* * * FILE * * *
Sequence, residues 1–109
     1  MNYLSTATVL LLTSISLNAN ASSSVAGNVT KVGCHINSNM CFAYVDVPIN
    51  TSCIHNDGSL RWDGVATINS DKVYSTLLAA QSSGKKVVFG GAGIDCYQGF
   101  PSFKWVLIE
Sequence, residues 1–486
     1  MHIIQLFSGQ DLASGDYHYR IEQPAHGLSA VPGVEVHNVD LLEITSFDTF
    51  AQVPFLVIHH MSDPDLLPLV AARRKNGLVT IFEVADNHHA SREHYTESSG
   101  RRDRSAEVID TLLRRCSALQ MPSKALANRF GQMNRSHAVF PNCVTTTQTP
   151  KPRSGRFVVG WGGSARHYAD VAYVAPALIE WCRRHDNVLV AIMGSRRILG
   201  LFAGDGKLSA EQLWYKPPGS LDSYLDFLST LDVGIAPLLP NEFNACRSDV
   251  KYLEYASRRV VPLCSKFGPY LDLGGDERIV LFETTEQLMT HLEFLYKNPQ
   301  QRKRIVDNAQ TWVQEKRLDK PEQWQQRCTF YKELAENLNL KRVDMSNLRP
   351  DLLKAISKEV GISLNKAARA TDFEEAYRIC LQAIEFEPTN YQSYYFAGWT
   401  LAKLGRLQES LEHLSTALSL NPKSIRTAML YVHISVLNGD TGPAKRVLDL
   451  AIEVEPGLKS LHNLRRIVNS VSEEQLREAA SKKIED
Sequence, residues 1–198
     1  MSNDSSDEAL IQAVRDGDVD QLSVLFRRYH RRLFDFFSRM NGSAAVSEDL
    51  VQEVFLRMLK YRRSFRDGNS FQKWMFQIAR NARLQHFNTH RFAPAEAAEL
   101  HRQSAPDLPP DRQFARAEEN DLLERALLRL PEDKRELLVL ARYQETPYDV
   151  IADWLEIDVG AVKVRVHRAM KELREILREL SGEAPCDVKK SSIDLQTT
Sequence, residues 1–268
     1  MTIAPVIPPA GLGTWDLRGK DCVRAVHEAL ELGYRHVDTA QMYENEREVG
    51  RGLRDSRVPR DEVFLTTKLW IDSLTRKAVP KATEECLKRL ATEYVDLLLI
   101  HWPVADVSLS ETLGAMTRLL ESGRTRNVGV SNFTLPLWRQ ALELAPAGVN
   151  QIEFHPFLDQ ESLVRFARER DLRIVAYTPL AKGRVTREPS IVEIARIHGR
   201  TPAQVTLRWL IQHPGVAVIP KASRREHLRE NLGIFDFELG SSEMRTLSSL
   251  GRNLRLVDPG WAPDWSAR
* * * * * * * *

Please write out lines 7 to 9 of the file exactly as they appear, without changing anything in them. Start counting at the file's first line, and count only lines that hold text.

    51  AQVPFLVIHH MSDPDLLPLV AARRKNGLVT IFEVADNHHA SREHYTESSG
   101  RRDRSAEVID TLLRRCSALQ MPSKALANRF GQMNRSHAVF PNCVTTTQTP
   151  KPRSGRFVVG WGGSARHYAD VAYVAPALIE WCRRHDNVLV AIMGSRRILG